03/09/2011, Farmer’s Cay Yacht Club, Little Farmer’s Cay
It was pretty windy this morning. We hung out on the boat after taking Fuzzy ashore for his morning constitutional. After lunch we decided to walk in to town. For the town walk we tied the dinghy off at the dinghy dock at FCYC. Since the tide was falling and the wind was blowing towards shore, we tried a new technique that we've seen a lot of locals with small boats use. Bud tossed a stern anchor off and we tied the bow to the dock. We've been using the little Danforth type anchor that Gary gave us. It weighs almost nothing, but works like a charm. This is the first time we deployed it in rocks, and not sand, and it held.
Before we walked to town Bud stopped at the Yacht Club and asked the proprietor, Roosevelt Nixon (yes, that's his name) if there were any fish in these waters that you shouldn't eat. When he came out I asked Bud what he said. "He said there's only two, big Barracuda and the Horse-Eyed Jack." "He did not say that," say I, figuring this is Bud pulling my leg as usual. Oh, yes, he really said that. So our Big-Eyed Jack is known locally as a Horse-Eyed Jack and it just went from supper to fish bait. That took the lilt out of our gait.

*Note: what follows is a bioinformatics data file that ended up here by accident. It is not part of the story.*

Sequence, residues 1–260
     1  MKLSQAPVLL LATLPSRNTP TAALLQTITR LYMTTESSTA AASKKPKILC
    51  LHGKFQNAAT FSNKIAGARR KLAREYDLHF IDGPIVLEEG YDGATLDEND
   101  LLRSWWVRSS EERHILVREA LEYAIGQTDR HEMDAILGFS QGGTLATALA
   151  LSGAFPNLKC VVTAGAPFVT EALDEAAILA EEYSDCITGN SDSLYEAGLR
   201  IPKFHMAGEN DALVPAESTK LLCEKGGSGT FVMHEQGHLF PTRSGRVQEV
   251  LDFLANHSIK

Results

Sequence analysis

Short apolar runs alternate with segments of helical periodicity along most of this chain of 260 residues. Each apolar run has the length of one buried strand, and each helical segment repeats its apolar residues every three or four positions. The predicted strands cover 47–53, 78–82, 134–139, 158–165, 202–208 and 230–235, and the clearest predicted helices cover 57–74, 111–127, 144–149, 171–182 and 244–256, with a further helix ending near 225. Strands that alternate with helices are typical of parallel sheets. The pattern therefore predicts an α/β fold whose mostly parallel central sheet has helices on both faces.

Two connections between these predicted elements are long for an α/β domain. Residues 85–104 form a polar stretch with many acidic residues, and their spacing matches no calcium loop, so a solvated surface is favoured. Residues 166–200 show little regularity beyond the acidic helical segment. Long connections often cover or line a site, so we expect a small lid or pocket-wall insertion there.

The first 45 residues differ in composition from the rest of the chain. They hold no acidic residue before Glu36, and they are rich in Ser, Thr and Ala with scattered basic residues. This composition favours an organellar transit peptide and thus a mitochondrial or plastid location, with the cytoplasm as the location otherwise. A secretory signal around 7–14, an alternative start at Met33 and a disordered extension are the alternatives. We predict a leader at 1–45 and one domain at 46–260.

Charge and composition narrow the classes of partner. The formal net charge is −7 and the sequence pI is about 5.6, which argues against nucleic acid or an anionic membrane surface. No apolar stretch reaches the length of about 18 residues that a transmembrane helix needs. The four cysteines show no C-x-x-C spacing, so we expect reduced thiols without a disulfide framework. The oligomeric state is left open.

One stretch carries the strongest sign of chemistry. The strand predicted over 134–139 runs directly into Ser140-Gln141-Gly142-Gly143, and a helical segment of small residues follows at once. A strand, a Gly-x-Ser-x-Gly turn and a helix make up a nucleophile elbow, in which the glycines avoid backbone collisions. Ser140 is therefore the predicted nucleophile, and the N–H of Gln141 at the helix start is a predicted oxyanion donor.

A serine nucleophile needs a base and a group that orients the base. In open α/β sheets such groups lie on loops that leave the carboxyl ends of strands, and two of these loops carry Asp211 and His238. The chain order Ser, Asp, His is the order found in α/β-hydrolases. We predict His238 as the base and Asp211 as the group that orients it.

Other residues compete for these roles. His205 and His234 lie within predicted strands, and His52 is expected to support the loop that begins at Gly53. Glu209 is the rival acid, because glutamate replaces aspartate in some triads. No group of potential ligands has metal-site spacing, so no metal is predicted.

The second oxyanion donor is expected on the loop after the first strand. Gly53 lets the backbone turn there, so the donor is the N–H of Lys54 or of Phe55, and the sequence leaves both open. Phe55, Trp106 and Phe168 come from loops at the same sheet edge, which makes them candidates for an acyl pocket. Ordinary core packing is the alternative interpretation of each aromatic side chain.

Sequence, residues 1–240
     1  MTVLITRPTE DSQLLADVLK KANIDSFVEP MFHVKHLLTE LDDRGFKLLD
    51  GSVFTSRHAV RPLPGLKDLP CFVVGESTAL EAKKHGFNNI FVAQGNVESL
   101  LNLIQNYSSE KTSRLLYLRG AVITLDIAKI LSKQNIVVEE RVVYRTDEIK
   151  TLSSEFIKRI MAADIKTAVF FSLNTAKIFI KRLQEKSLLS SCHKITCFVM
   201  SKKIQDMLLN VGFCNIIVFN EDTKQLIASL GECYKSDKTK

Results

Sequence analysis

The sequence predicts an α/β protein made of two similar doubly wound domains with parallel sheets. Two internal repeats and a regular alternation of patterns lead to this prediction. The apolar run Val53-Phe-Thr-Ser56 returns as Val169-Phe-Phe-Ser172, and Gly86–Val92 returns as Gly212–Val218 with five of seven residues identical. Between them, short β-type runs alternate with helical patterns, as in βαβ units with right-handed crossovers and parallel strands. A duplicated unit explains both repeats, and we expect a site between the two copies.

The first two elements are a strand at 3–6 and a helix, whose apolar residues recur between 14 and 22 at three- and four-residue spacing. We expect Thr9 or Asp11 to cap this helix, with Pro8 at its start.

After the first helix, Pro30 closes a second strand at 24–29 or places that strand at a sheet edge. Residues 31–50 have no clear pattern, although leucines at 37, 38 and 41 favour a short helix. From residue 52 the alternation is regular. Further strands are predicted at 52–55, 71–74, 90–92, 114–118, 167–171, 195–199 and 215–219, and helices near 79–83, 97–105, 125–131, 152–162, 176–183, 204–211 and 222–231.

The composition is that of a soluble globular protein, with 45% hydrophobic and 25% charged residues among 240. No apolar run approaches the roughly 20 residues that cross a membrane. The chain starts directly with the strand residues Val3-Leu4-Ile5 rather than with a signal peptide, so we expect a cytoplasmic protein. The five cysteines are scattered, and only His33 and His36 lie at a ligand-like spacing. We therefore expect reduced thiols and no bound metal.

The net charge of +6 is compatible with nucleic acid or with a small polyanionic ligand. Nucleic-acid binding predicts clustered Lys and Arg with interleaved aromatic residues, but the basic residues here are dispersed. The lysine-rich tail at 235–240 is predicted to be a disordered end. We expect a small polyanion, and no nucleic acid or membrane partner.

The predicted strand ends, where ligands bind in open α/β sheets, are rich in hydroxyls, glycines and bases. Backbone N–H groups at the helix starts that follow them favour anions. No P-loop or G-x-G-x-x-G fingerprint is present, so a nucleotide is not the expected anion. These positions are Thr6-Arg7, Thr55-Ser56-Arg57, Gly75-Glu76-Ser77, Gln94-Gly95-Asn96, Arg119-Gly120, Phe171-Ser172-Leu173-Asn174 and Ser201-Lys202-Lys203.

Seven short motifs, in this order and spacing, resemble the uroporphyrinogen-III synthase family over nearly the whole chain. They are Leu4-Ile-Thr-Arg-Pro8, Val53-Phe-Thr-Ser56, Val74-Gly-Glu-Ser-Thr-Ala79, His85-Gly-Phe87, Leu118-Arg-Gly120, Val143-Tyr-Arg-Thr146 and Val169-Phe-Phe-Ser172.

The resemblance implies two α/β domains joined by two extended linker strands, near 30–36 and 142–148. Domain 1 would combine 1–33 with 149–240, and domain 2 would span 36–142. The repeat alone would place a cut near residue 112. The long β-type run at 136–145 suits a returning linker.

We walked downtown anyway. There's not much to downtown Little Farmer's. This is the island that has 55 permanent residents. I took a picture of the main dock in town; the buildings are the government office, the fish market and the post office. Bud stopped at the liquor store and got a $20 bottle of gin. The guy who owned the liquor store was out front with two young men fixing an outboard motor, but he stopped when we came up and opened the store. He confirmed that Horse-Eyed Jack isn't to be eaten. You won't die, but you'll spend a lot of time on the toilet.
I took pictures of the cut from Exuma Sound between Great Guana and Big Farmer's. You can see the line of breakers where the outgoing tide was meeting the east wind. These cuts can get all but impassible with a strong tide meeting a strong opposing wind. Even today, it doesn't look like it'd be fun to go through it. I also took a picture of cotton plants that are now growing wild. They must be left over from two hundred years ago, when they tried to put plantations on these islands. All these pictures are in the gallery.